Apple’s Intel Strategy

Apple announced it’s moving from the PowerPC processor over to the Intel platform. Most feel this is a good decision, some have reservations. Regardless Apple left quite a few unanswered questions that really impact how successful this transition will be, and what the ultimate benefit (if any) there is to the end user. I’d like to take a moment and look at a few critical questions:

Will there be 64 bit computing?
Apple with much fanfare introduced the 64 bit G5 processor and everyone talked about how that’s the future of computing. AMD, and Intel have also started producing 64 bit processors. Windows Vista (formerly Longhorn) will ship in both 32 bit and 64 bit flavors as Microsoft believes during it’s lifespan people will start using 64 bit systems. Will Apple even bother adopting 32 bit Intel chips? Or stick with it’s 64 bit strategy? ThinkSecret’s look at the Intel Mac has a nice list of what the processor supports:

PU, VME, DE, PSE, TSC, MSR, PAE, MCE, CX8, APIC, SEP, MTRR, PGE, MCA, CMOV, PAT, PSE36, CLFSH, DS, SCPI, MMX, FXSR, SSE, SEE2, SS, HTT, TM, SSE3, MON, DSCPL, EST, TM2, CX16, and TPR.

What’s not on the list is EM64T. Why wouldn’t Apple ship developers 64bit systems? Intel has been shipping them for a while now. Hyper Threading is available though. It seems strange that Apple hasn’t said anything on it’s 64 bit strategy.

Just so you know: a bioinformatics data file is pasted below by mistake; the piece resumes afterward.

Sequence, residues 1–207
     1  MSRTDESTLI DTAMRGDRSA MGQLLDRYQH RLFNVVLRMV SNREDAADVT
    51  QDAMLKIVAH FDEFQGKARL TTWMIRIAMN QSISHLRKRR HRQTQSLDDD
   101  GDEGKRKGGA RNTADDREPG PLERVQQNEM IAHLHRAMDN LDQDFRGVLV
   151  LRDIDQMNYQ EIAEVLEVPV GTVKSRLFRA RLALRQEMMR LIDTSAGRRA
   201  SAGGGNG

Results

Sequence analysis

Disk Formats
Apple’s alleged position on the idea of running Windows on a Mac is that they won’t support it, but won’t explicitly block it, though Mac OS X will remain Mac only. But I must question if it would be in Apple’s interests to support Windows a bit more, including re-examining disk format issues. Right now, A Mac can read/write HFS+ (Apple’s disk format), UFS, and FAT32. It can only read NTFS. This is a problem for someone potentially dual booting a system in Mac OS X and Windows. On top of this, the partitioning is also an issue. Apparently Apple’s Boot ROM historically will only will boot off of Apple partitioned drives (such as my disk0 below). Windows will only boot off of FDISK or MBR. So it’s impossible to have a dual boot system using partitions on 1 hard drive. I don’t have a developer Intel-Mac to test this theory on, but I’m rather confident on it.

Robert-Accetturas-Computer:~ robert$ diskutil list
/dev/disk0
   #:                   type name               size      identifier
   0: Apple_partition_scheme                    *74.5 GB  disk0
   1:    Apple_partition_map                    31.5 KB   disk0s1
   2:              Apple_HFS Macintosh HD       74.4 GB   disk0s3
/dev/disk2
   #:                   type name               size      identifier
   0: FDisk_partition_scheme                    *279.5 GB disk2
   1:           Windows_NTFS PC Backup          120.0 GB  disk2s1
   2:             DOS_FAT_32 MAC BACKUP         75.7 GB   disk2s2
   3:             DOS_FAT_32 MAC SCRATCH        83.7 GB   disk2s3

So what should Apple do?

Apple should encourage this behavior. It allows potential Mac converts to transition much more gracefully, and allows them to see the Mac as a much more valuable product. A few things really need to be done here: